It’s fair to say David De Gea almost, certainly, single-handily dragged our bitter rivals to that Champions League spot last season, so I guess it wouldn’t be imprudent to slap a heavy investment towards a dominant number one.
Whilst newly appointed Liverpool boss Jurgen Klopp may well work his magic on some of the fringe players in the squad, it may be prove to be an arduous task to convert Simon Mignolet into the quality required to compete at the highest level.
I guess in that case, it would be appropriate to ransack Klopp’s former domain in search for a potential replacement. With Marc-André ter Stegen and Kevin Trapp making big money moves to Barcelona and PSG, it seems as though the Bundesliga may well be the harvesting ground of Europe’s top keepers.
The goalkeeper position is not exactly the most glamorous, neither is it the most proactive over the course of a match, making assessing goalkeepers quite a challenge. Therefore instead of being heavily reliant on just my own opinion I have factored in a number of stats to portray a more balanced evaluation of my selections.
For the following examples I have included Manuel Neuer as a guideline, but given his speciality at his role and Bayern’s superiority, he’ll probably show up as an extreme in most of the data sets. The remaining keepers I believe are the pick of the bunch and are reasonably attainable.
Although, I love the eccentricity of Hoffenheim’s Oliver Baumann, I doubt Anfield will be as forgiving with his moments of mayhem, therefore I’ve excluded him from my selection. Roman Burki’s recent move to Dortmund in the summer makes him far from a viable option but is worth mentioning given his standout performances from last season. The Swiss international has hastily replaced the wilting Roman Weidenfeller and is well on track to joining Europe’s elite.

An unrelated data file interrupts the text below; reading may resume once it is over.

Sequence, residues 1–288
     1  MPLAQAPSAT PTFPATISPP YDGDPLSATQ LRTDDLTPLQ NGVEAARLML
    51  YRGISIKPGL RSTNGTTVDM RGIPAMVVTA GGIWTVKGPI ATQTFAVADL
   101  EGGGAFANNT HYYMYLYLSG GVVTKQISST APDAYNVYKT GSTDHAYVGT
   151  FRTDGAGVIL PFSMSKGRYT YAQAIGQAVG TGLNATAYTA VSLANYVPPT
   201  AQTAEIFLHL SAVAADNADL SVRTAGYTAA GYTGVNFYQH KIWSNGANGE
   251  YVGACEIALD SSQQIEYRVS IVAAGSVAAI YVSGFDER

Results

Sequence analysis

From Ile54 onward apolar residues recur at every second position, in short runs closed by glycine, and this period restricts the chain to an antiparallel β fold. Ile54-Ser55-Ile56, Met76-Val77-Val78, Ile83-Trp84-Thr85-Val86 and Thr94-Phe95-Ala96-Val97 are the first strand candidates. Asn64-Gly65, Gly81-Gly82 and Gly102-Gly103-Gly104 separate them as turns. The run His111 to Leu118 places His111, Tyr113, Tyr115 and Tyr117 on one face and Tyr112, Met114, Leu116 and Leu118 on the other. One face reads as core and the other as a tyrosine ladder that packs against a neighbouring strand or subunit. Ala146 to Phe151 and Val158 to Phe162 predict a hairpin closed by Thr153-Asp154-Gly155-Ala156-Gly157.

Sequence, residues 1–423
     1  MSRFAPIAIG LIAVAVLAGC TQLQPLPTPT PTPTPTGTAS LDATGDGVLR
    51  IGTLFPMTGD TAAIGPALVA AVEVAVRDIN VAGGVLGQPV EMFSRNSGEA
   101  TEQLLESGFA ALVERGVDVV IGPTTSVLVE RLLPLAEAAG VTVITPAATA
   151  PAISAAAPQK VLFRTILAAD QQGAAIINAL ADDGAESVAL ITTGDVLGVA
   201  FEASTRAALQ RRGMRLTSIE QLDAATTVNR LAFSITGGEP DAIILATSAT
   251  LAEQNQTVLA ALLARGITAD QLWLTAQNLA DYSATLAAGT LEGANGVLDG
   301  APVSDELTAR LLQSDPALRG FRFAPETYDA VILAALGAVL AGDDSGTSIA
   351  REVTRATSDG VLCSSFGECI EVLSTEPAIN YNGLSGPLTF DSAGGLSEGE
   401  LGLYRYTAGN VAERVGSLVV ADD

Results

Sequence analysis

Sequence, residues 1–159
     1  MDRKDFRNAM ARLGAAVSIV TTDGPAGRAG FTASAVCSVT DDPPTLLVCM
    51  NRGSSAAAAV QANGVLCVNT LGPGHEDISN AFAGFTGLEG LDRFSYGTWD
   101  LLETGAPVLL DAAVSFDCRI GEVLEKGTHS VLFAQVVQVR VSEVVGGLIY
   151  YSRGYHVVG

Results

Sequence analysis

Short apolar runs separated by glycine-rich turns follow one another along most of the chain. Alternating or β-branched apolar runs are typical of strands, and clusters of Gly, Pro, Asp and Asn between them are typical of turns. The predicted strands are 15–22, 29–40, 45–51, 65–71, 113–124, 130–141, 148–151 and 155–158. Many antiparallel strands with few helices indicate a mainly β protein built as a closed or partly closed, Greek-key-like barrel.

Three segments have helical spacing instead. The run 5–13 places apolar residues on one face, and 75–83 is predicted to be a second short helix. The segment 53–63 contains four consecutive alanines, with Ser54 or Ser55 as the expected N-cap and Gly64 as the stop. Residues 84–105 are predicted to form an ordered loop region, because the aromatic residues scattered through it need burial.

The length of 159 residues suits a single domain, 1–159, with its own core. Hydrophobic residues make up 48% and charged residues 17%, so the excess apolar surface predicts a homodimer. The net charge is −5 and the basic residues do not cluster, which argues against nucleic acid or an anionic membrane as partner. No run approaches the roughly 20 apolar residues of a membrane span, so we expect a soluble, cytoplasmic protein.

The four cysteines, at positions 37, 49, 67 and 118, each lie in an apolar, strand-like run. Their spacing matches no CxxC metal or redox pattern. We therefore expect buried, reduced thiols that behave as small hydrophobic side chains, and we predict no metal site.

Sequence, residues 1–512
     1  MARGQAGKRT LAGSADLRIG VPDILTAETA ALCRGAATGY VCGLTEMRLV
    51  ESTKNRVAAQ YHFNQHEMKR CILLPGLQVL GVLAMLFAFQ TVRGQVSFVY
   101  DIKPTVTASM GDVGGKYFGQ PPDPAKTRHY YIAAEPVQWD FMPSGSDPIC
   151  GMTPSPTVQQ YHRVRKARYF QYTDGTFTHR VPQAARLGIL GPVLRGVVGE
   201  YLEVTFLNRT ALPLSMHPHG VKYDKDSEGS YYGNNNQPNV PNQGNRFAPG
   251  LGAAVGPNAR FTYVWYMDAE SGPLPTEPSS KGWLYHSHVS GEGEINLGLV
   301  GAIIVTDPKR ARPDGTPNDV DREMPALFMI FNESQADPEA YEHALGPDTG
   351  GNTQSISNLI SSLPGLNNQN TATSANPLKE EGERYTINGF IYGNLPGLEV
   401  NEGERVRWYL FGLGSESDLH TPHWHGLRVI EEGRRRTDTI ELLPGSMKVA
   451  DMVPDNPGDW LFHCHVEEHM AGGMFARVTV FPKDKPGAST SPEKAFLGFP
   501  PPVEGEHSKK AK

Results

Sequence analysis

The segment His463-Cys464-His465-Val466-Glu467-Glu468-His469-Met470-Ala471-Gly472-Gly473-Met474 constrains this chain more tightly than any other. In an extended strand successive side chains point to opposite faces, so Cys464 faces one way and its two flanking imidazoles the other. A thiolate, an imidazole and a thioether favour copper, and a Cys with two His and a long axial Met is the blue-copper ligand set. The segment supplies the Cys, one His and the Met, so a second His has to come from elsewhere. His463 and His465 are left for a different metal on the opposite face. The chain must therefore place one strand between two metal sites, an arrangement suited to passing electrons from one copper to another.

I guess we should start discussing a few feasible alternatives then?
Borussia Mönchengladbach attained Basel’s Yann Sommer in the summer of 2014, a masterful coup to the replace fan-favorite ter Stegen, the former was drafted in from Basel for a respectable fee of just €9m. It’s fair to say that Sommer has excelled between the sticks for the Borussian club. His rendition of ‘No Diggity’ during his initiation was actually quite fitting: “I got to bag it up” – which is exactly what the 26 year-old did, offering ample protection in his first season, keeping 15 clean sheets in the Bundesliga in the process. Apart from the number of impressive saves aiding Gladbach to achieve Champions League qualification, Sommer also took charge of the defensive unit, organising his back four where required and to great effect, a laudable feat considering only just have being integrated into the squad.
FC Köln were one of Bundesliga’s surprise packages last season following their promotion, and much of that credit should be commended towards Timo Horn. Not only does Horn strike a remarkable resemblance to the lovable Alberto Moreno (or is it just me?), he also really strutted his athleticism in his first full season at the top level and has carried on his form into this season.